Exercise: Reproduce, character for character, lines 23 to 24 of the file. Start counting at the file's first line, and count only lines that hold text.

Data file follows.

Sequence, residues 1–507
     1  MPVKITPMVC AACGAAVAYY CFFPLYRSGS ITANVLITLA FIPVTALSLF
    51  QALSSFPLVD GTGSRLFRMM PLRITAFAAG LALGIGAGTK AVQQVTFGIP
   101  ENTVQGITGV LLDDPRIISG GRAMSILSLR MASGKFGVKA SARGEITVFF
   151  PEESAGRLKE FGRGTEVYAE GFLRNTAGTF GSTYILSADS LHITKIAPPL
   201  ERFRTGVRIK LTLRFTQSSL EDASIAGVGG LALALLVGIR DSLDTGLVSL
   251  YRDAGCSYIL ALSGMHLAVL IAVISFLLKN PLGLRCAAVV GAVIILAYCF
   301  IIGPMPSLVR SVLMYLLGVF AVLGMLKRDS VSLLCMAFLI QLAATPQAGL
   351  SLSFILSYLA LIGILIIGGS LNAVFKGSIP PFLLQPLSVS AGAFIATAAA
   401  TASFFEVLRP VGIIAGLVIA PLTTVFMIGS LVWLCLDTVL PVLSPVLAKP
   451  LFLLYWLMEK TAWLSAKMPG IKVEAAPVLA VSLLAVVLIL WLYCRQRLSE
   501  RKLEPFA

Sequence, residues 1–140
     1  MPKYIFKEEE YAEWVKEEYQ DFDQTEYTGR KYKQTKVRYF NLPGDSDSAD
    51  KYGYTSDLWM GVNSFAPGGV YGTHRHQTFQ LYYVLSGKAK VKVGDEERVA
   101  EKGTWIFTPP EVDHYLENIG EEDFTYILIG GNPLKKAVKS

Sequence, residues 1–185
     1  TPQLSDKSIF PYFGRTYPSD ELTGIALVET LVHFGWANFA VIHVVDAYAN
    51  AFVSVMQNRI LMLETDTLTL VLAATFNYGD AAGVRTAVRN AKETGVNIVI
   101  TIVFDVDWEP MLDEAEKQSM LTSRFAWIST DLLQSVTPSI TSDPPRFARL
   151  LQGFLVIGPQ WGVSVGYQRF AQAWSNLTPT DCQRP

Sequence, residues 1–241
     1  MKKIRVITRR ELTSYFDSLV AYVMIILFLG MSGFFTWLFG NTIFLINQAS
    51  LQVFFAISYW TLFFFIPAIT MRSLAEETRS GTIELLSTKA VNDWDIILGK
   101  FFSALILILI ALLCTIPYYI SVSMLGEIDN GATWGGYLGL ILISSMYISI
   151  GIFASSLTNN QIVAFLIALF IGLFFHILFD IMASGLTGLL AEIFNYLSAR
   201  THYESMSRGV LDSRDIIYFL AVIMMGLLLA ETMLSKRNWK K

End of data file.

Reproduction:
     1  MKKIRVITRR ELTSYFDSLV AYVMIILFLG MSGFFTWLFG NTIFLINQAS
    51  LQVFFAISYW TLFFFIPAIT MRSLAEETRS GTIELLSTKA VNDWDIILGK